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A survey of consultants in the psychiatry of learning disability

  • Mary Lindsey (a1) and Adrian Flynn (a1)
Abstract
Aims and Method

All 208 consultant members of the Faculty for the Psychiatry of Learning Disability were contacted and asked to complete a questionnaire to provide qualitative and quantitative information about their work and experiences.

Results

One hundred and thirty-six consultants responded, giving a 64% response rate. They reported a wide range of clinical, academic and management skills, with 72 having registration in other specialities. Insufficient in-patient provision and problems with discharge were cited by 85% of respondents. There was a wide disparity in the provision of mental health services for children and adolescents with learning disabilities and 12 areas reported no services from any source. Although most respondents showed satisfaction with clinical work and professional relationships, there were many concerns about management, commissioning and planning of services.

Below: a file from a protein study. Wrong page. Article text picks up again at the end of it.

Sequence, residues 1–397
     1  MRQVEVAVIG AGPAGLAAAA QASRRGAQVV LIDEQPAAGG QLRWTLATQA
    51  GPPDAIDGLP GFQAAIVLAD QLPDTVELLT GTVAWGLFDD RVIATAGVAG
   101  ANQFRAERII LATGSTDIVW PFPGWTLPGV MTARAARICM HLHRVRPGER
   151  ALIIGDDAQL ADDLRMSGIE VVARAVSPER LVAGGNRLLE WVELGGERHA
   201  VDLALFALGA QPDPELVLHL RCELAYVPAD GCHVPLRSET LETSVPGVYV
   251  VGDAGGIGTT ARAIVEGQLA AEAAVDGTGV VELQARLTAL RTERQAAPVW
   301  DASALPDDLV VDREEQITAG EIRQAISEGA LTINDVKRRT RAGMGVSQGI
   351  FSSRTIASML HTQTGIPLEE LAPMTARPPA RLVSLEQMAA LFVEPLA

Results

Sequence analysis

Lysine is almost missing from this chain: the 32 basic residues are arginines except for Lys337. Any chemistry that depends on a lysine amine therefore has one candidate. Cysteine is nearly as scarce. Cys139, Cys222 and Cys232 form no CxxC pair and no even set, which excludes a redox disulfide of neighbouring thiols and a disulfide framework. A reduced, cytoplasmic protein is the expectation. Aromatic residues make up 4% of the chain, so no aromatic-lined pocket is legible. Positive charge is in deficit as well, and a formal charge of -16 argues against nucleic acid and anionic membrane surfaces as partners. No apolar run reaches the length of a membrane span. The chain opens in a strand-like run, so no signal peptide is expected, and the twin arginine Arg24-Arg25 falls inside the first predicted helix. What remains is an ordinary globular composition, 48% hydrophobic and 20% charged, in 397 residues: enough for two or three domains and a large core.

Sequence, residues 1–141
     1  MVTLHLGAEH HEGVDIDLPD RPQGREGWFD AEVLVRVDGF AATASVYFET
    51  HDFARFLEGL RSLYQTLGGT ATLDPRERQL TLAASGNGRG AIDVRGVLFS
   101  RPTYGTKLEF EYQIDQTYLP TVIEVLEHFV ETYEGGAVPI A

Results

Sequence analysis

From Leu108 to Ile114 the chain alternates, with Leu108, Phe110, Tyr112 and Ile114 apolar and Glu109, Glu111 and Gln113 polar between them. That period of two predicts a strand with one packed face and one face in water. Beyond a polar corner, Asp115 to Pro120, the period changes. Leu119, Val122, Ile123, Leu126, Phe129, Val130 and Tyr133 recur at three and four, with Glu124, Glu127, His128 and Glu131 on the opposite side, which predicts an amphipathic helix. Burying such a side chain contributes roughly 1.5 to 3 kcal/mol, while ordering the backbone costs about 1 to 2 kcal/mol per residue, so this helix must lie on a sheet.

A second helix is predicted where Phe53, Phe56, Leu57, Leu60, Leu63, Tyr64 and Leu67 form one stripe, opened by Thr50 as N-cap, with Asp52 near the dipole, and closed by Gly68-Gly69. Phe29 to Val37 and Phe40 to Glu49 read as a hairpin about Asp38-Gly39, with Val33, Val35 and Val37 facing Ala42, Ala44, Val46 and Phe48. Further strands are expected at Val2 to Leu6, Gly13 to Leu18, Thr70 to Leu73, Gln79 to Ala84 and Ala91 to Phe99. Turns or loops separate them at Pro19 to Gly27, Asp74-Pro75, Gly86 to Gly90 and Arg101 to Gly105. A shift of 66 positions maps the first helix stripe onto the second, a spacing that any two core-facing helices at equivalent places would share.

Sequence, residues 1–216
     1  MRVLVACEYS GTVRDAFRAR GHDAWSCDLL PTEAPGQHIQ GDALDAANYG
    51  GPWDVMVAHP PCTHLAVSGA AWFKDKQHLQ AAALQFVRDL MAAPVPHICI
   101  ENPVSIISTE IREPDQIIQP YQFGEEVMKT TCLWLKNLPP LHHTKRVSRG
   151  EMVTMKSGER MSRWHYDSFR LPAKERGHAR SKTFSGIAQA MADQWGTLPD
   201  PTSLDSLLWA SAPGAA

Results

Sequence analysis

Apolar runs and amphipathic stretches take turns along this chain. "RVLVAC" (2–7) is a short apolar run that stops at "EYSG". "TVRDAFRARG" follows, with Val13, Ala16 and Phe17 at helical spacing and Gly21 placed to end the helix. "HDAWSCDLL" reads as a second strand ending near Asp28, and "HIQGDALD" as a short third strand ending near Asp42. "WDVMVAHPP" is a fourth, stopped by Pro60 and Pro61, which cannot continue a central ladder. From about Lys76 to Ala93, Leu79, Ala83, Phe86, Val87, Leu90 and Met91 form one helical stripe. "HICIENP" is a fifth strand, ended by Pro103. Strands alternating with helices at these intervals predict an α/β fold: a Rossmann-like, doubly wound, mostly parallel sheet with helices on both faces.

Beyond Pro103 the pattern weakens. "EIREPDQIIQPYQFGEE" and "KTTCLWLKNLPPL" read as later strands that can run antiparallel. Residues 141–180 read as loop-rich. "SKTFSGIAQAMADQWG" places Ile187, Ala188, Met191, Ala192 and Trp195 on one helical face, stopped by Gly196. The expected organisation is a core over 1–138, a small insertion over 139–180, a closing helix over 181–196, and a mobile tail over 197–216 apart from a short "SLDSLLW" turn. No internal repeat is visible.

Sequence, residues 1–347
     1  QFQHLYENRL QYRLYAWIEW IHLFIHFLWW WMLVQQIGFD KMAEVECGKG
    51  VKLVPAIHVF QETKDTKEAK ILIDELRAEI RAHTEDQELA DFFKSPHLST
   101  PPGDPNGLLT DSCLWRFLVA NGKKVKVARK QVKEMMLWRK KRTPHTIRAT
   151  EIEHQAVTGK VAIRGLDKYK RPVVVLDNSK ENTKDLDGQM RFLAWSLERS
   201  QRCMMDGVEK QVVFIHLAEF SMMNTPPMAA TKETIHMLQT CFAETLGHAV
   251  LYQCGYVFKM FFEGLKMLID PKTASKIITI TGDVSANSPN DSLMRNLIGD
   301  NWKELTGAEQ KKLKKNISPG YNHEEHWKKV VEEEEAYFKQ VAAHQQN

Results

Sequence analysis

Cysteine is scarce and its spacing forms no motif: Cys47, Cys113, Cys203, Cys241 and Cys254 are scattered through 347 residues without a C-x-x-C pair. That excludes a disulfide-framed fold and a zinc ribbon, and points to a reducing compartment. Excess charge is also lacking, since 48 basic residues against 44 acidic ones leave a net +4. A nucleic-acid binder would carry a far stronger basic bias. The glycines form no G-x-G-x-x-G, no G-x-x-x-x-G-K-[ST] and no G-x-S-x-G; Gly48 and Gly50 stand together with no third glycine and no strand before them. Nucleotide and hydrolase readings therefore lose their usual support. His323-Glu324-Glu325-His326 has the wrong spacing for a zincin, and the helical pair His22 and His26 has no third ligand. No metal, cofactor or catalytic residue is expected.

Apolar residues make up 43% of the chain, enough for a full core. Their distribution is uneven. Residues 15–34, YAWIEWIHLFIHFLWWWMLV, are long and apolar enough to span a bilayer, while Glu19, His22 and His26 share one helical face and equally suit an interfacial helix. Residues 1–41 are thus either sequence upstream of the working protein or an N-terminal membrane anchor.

Clinical Implications

Consultant psychiatrists in the field of learning disability are a broadly skilled group of clinicians with a wide range of responsibilities and areas of expertise, but many are working in services that they see as under-resourced and poorly managed, planned and commissioned. Overall levels of satisfaction are good, particularly in relation to clinical work, peer support and study/academic work.

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Copyright
This is an Open Access article, distributed under the terms of the Creative Commons Attribution (CC-BY) license (http://creativecommons.org/licenses/by/4.0/), which permits unrestricted re-use, distribution, and reproduction in any medium, provided the original work is properly cited.
References
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BJPsych Bulletin
  • ISSN: 0955-6036
  • EISSN: 1472-1473
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A survey of consultants in the psychiatry of learning disability

  • Mary Lindsey (a1) and Adrian Flynn (a1)
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